1.1.1 Computer cases are typically made of plastic, steel, or aluminum and are available in a
variety of styles.cases also provide an environment designed to keep the internal
components cool. All computers need a power supply to convert alternating-current (AC)
power from the wall socket into direct-current (DC) power.The motherboard is the main
circuit board in a computer.The size and shape of the computer case is usually determined
by the motherboard, power supply, and other internal components. The specifications and
dimensions of these components is called the form factor.
1.1.2 Several factors while choosing a case:
188.8.131.52 Size of the motherboard.
184.108.40.206 Available space.
220.127.116.11 Number of external or internal drive locations, called bays.
1.2 Power Supply
1.2.1 The power supply converts Alternating Current (AC) power into
Direct Current (DC) power. DC power is required for all
components inside the computer. An uninterruptible power
supply (UPS) can protect a computer from problems caused
by changes in power. A UPS uses a power inverter. A power
inverter provides AC power to the computer from a built-in
battery by converting the DC current of the UPS battery into
AC power. This built-in battery is continually charged via DC
current that is converted from the AC supply.
18.104.22.168 There are 3 main form factors for power supplies, Advanced
Technology (AT), AT Extended (ATX), and ATX12V. The ATX12V is
the most common form factor used in computers today.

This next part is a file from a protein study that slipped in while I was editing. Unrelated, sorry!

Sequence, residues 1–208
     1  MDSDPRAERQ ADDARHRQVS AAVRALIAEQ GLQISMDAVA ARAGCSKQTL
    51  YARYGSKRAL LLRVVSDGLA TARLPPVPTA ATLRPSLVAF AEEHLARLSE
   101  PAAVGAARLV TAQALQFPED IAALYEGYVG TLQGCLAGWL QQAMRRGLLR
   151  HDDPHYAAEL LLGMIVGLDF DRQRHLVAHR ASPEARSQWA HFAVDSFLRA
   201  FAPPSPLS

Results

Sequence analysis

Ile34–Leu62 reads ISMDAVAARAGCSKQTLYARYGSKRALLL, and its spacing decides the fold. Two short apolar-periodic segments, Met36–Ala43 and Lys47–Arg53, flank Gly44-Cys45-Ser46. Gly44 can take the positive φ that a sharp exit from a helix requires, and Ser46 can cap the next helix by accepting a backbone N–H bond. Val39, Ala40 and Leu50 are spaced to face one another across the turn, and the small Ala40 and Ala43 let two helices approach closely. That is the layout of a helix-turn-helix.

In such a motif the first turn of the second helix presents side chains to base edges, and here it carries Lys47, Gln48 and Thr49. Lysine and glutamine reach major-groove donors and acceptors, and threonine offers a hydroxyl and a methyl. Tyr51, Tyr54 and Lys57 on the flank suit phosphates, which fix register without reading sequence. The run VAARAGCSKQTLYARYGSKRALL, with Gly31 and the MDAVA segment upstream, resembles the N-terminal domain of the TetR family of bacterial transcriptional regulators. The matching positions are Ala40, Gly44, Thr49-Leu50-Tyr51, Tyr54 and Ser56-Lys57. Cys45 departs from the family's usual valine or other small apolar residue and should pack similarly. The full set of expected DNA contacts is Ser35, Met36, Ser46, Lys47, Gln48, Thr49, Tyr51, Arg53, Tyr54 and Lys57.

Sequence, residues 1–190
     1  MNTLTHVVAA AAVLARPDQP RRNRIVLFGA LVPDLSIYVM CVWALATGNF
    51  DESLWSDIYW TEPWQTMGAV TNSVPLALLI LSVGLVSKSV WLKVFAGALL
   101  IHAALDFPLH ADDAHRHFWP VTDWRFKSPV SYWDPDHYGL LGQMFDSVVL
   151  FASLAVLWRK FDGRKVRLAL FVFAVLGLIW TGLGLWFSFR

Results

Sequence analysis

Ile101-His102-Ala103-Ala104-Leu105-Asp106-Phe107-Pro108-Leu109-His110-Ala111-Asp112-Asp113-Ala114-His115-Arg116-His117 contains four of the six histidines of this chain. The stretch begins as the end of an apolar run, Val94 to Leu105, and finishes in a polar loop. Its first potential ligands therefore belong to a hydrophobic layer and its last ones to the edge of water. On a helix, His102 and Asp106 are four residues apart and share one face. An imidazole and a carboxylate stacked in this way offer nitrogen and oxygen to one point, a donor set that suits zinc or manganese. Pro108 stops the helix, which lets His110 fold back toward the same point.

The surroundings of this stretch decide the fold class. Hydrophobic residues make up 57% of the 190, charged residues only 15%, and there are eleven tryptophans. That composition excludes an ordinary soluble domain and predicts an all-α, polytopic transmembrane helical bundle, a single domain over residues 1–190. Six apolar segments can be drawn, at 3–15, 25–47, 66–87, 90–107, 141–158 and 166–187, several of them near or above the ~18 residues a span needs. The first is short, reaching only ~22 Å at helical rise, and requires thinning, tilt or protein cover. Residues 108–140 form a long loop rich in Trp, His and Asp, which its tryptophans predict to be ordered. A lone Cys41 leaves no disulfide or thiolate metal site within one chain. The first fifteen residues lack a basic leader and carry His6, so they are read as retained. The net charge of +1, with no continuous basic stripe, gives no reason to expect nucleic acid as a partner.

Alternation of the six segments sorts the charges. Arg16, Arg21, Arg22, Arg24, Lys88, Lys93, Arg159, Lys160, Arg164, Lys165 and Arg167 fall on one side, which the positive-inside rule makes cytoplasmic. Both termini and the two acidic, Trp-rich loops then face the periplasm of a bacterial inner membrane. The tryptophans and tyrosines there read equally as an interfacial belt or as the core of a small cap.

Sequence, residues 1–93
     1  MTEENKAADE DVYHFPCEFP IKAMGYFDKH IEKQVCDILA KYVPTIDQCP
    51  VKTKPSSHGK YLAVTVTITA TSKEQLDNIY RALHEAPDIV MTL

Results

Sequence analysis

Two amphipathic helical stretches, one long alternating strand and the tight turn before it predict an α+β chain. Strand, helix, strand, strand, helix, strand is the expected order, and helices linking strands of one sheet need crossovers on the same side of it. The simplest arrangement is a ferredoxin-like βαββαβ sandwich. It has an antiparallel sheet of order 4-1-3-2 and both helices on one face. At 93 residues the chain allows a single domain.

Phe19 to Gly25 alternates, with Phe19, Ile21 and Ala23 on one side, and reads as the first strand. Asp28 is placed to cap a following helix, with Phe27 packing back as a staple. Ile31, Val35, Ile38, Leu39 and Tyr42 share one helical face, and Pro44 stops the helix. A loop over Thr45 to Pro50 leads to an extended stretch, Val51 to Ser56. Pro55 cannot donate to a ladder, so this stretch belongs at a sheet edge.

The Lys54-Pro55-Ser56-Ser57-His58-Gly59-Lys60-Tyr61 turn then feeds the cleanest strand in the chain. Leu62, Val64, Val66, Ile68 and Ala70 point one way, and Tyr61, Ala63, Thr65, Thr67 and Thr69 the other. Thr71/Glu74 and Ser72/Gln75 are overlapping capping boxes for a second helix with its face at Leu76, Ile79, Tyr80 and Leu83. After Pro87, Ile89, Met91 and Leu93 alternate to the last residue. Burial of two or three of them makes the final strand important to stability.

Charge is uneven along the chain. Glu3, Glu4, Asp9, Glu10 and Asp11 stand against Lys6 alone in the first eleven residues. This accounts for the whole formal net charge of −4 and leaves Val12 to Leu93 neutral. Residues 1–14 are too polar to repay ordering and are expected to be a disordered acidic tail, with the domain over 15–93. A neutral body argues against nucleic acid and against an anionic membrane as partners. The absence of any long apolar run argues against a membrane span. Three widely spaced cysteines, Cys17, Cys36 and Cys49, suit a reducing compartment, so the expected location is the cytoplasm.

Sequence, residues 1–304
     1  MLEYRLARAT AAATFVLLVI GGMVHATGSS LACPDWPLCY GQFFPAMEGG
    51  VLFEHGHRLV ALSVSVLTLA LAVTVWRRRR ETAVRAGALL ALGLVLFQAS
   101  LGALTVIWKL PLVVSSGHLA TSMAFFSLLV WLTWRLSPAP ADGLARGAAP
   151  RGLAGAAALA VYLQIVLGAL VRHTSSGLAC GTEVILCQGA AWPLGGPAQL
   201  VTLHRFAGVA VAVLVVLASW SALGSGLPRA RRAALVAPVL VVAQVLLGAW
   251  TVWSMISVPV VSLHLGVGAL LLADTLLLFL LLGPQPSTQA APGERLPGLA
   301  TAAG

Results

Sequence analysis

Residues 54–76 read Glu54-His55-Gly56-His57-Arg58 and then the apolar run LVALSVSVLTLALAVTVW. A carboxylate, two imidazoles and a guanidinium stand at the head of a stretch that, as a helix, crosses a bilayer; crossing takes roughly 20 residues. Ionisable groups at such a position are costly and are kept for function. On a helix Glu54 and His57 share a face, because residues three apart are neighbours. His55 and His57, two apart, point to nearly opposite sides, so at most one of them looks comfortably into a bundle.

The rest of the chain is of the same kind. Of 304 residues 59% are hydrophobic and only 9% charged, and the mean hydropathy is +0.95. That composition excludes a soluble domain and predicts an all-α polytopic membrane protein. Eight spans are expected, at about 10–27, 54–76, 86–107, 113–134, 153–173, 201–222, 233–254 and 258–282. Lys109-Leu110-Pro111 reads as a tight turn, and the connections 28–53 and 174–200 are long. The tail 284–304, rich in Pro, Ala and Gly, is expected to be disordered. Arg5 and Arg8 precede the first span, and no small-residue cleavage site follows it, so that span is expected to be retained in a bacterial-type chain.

22.214.171.124 A Berg keyed connector connects to a floppy drive.
A Berg connector is smaller than a Molex connector.
126.96.36.199 A SATA keyed connector connects to an optical drive or a hard drive.
The SATA connector is wider and thinner than a Molex connector.
188.8.131.52 A Molex keyed connector connects to optical drives,
hard drives, or other devices that use older technology.
184.108.40.206 A 20-pin or 24-pin slotted connector connects to the motherboard. The 24-pin connector
has two rows of 12 pins each, and the 20-pin connector has two rows of 10 pins each.
220.127.116.11 A 4-pin to 8-pin auxiliary power connector has two rows of two to four pins and supplies power to all
areas of the motherboard. The auxiliary power connector is the same shape as the main power
connector but smaller. It can also power other devices within the computer.
18.104.22.168 A 6/8-pin PCIe power connector has two rows of three to four pins and supplies power to other
22.214.171.124 Older standard power supplies used two connectors called P8 and P9 to connect to the
motherboard. P8 and P9 were unkeyed connectors
1.3 Electricity and Ohm's Law
1.3.1 Basic units of electricity:
126.96.36.199 Voltage: It is measured in volts (V).
188.8.131.52 Current: It is measured in amperes, or amps (A).
184.108.40.206 Resistance (R)
220.127.116.11 Power: It is measured in watts(W)
18.104.22.168 Basic equation
22.214.171.124.1 V = IR
126.96.36.199.2 P = VI
188.8.131.52.3 I = P/V
2 Internal PC Components
2.1.1 It is the main printed circuit board and contains the buses, or
electrical pathways, found in a computer.These buses allow data to
travel between the various components that comprise a computer. A
motherboard is also known as the system board or the main board.
2.1.2 An important set of components on the motherboard is the
chipset. The chipset is composed of various integrated circuits
attached to the motherboard. They control how system hardware
interacts with the CPU and motherboard.
2.1.3 Most chipsets are divided into
two distinct components:
184.108.40.206.1 Northbridge controls access to the RAM, video
card, and the speeds at which the CPU can
communicate with them. The video card is
sometimes integrated into the Northbridge.